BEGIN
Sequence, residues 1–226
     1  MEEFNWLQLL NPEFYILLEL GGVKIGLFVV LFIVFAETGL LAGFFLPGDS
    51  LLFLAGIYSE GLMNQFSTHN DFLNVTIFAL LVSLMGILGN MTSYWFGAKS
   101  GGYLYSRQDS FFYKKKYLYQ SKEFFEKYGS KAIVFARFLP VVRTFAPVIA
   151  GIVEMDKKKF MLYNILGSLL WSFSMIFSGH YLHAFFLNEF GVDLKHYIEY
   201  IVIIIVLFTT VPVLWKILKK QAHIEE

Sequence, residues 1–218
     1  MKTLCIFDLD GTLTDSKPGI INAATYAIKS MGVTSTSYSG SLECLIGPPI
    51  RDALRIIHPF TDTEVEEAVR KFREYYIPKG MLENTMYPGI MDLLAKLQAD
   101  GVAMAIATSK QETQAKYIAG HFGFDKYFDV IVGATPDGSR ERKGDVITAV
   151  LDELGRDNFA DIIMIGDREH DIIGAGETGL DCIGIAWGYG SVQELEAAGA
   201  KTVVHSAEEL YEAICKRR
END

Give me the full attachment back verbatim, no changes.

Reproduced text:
Sequence, residues 1–226
     1  MEEFNWLQLL NPEFYILLEL GGVKIGLFVV LFIVFAETGL LAGFFLPGDS
    51  LLFLAGIYSE GLMNQFSTHN DFLNVTIFAL LVSLMGILGN MTSYWFGAKS
   101  GGYLYSRQDS FFYKKKYLYQ SKEFFEKYGS KAIVFARFLP VVRTFAPVIA
   151  GIVEMDKKKF MLYNILGSLL WSFSMIFSGH YLHAFFLNEF GVDLKHYIEY
   201  IVIIIVLFTT VPVLWKILKK QAHIEE

Sequence, residues 1–218
     1  MKTLCIFDLD GTLTDSKPGI INAATYAIKS MGVTSTSYSG SLECLIGPPI
    51  RDALRIIHPF TDTEVEEAVR KFREYYIPKG MLENTMYPGI MDLLAKLQAD
   101  GVAMAIATSK QETQAKYIAG HFGFDKYFDV IVGATPDGSR ERKGDVITAV
   151  LDELGRDNFA DIIMIGDREH DIIGAGETGL DCIGIAWGYG SVQELEAAGA
   201  KTVVHSAEEL YEAICKRR